• Value investing is one type of positive asymmetry.
  • Other positive asymmetries exist and we need to open our minds.
  • Betting small amounts aggressively will minimize risk and enhance returns.
  • Safety lies in speculation, but only when the speculation is very aggressive.


The Limitations of Value Investing

Value investing is fairly well understood today.  The most basic definition is buying securities cheaply and selling when they become expensive.  The benefits are obvious to understand.  Your loss exposure is reduced when you buy cheaply.  Your returns are enhanced if the prices recover.  It’s one of the most powerful methods at your disposal to achieve high returns in the financial markets.

Value investing is also very limited.  It’s merely one type of positive asymmetry, a situation with low downside and high upside.  There are other ways to achieve positive asymmetries.  That’s what we’re going to discuss.  We need to open our minds to other methods.  My journey as an investor began with value investing.  That was not the end.

Let’s venture away from investing a while and expand our horizons.  We can return after a detour to the darker world of casinos, bookies, and sports betting.  There is much we can learn from this.


Lessons From Sports Betting

I’m going to state a big caveat at the very beginning of this discussion.  Do not bet on sports expecting to make money!  Due to high bookie fees and unfavorable tax treatment, each bet has a negative expected return.  Most people can’t win enough games to overcome these disadvantages.  Successful gamblers are more rare than successful investors because gambling hurdles are steeper.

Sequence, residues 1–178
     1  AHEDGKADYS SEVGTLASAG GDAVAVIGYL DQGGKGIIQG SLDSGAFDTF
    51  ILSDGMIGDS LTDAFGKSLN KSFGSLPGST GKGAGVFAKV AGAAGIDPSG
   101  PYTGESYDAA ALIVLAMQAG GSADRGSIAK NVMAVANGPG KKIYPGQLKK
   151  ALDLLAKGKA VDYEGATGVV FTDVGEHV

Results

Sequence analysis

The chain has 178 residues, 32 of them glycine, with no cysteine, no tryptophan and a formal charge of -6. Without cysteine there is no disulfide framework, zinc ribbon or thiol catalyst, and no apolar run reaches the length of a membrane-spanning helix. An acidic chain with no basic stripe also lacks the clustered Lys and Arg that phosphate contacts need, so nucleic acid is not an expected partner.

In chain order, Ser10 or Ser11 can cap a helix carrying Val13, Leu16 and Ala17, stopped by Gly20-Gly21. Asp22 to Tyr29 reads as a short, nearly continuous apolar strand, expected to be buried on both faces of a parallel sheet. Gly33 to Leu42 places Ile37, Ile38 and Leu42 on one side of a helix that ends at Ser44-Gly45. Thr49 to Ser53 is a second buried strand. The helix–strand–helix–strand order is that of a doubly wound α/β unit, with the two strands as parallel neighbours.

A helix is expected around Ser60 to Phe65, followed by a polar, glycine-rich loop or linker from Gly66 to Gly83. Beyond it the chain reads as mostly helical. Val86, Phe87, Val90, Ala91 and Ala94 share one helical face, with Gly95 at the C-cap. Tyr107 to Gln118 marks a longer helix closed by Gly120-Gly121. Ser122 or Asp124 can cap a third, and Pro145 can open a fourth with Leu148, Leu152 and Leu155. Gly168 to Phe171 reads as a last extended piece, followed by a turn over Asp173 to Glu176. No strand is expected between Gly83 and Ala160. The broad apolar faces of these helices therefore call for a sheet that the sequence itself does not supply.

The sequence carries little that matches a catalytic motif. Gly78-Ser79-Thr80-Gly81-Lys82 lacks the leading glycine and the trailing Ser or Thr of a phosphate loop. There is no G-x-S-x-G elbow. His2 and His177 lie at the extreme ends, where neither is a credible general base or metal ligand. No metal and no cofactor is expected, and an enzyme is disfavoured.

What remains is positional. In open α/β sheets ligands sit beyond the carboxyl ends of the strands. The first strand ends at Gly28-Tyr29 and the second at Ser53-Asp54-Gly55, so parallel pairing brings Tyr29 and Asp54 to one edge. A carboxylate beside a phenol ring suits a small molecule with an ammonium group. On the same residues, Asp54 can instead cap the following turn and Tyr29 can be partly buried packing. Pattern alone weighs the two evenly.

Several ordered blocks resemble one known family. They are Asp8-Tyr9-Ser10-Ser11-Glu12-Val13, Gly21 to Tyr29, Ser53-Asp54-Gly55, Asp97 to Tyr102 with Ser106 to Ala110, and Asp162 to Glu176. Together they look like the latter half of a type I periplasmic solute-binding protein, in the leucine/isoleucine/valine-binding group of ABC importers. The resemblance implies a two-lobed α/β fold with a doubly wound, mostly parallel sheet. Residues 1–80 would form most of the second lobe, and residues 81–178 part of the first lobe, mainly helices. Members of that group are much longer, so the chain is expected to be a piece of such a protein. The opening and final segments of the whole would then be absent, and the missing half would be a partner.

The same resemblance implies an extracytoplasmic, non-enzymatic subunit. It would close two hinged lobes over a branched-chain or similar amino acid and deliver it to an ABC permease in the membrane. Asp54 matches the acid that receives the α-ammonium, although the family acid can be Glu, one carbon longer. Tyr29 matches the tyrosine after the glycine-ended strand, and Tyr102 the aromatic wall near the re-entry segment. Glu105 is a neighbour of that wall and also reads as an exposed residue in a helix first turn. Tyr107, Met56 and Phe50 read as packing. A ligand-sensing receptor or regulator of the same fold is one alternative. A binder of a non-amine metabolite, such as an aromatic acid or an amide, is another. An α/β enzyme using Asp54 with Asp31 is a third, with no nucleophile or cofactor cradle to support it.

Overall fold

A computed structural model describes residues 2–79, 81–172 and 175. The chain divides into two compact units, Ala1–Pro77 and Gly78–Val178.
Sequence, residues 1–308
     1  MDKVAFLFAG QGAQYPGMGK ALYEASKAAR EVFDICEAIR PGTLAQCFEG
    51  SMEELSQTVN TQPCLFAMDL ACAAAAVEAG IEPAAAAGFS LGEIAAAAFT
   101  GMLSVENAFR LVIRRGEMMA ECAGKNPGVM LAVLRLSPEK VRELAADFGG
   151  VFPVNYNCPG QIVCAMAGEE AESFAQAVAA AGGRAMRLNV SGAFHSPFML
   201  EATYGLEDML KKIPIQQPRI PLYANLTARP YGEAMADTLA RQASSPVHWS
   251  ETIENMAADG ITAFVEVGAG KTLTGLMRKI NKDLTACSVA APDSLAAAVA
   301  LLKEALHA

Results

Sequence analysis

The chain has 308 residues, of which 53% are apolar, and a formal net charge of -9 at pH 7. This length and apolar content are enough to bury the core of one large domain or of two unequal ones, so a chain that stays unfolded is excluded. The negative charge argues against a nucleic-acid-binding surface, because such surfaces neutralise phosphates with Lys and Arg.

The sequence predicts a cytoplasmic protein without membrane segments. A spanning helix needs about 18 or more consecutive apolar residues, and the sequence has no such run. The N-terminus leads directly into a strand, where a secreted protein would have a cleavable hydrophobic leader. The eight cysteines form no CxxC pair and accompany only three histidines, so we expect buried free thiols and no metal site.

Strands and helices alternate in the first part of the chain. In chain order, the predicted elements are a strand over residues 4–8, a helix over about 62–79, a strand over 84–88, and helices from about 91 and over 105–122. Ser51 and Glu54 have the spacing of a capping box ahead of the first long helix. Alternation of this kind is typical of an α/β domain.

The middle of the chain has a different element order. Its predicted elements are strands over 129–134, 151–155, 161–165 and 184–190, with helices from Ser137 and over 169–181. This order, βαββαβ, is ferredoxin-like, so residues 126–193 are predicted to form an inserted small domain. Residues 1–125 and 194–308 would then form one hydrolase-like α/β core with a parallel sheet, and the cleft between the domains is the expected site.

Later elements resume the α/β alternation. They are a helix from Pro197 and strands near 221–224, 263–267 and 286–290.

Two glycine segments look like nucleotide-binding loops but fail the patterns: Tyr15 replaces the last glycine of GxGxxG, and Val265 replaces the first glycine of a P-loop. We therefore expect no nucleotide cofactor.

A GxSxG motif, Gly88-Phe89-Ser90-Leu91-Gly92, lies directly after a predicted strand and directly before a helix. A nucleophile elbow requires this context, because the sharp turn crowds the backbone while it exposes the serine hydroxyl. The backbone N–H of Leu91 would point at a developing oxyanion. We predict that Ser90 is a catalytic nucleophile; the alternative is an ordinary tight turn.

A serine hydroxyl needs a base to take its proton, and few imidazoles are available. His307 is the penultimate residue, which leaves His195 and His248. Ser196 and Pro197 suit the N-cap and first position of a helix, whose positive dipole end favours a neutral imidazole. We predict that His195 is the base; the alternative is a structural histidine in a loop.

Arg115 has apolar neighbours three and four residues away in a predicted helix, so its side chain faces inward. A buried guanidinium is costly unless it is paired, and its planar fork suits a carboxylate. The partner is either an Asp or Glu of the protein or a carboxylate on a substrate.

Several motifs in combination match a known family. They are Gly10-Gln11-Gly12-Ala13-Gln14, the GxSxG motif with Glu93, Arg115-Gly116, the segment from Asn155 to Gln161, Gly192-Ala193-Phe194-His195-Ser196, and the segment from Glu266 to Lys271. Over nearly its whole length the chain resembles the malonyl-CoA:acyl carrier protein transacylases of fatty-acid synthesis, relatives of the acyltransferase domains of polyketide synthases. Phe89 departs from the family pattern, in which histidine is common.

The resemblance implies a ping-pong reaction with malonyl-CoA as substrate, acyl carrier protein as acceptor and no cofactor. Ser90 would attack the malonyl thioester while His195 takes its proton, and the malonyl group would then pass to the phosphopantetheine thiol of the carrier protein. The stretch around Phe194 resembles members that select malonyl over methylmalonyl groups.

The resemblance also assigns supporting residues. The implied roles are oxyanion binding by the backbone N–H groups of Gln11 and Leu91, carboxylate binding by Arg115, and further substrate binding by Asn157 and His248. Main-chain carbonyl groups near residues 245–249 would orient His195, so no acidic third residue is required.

With this caveat now stated, multi-game parlay bets are a good starting point for understanding power laws.  Parlays behave similarly to exchange traded options but are much easier to teach.  They embrace power laws and reduce your losses when your expected return is negative.  I aim to show this.

Let’s begin with the basics of sports betting.  The standard payout for winning a $1 bet on a single game is $1.91.  You get 100% of your initial bet returned plus a 91% profit.  The missing 9% of profit was paid as a bookie fee.  You lose 100% if your pick is wrong.  It’s also possible to tie.  For simplification I’m going to ignore ties in this discussion.

A parlay combines two or more games into a single bet.  You win the parlay if you win all the games.  If one game loses, the entire parlay is lost.  Parlays reduce your probability and frequency of winning.  In exchange, parlays reduce your risk exposure and dramatically increase your profits when you win.

For example, let’s say you bet $1 on a three game parlay and each game has a standard payout.  Your payout would be calculated by taking $1.91 times $1.91 times $1.91, which is equal to $6.97.  Your profit would be $5.97 after deducting your $1 bet.  Parlays actually give you a positive asymmetry; in this particular case you’re betting $1 to earn $5.97.  Parlays follow a power law.  Each game added to a parlay increases its payout exponentially.